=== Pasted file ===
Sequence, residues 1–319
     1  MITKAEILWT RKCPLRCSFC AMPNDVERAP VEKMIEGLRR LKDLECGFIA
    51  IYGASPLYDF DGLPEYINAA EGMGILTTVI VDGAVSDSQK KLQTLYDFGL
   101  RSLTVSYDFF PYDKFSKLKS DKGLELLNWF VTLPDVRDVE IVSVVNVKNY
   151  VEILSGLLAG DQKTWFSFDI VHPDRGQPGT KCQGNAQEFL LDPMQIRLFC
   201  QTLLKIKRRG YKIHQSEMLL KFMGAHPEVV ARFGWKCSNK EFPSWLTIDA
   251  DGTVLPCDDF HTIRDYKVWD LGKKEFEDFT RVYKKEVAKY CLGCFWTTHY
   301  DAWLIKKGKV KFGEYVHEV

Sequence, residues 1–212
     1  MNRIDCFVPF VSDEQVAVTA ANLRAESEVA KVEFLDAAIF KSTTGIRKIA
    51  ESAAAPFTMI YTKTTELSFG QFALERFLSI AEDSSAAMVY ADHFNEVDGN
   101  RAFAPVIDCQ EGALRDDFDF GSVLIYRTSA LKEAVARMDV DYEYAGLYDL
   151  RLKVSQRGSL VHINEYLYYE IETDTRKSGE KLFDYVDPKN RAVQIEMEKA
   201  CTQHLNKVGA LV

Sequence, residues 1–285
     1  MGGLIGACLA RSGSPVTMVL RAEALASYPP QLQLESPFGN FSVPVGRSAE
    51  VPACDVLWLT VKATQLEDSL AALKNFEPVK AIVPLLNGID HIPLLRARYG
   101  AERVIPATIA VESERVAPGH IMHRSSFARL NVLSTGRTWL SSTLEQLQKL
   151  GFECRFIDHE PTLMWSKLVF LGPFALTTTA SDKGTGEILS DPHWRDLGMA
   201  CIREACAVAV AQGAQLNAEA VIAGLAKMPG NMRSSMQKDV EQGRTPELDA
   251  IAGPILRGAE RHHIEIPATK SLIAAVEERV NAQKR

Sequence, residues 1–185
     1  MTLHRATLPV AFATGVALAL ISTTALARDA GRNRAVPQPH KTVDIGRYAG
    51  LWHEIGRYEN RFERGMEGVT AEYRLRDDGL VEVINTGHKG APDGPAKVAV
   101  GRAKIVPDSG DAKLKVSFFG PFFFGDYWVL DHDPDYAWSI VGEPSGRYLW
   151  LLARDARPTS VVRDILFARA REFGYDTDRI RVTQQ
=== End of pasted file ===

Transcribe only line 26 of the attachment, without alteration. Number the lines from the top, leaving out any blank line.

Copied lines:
   151  LLARDARPTS VVRDILFARA REFGYDTDRI RVTQQ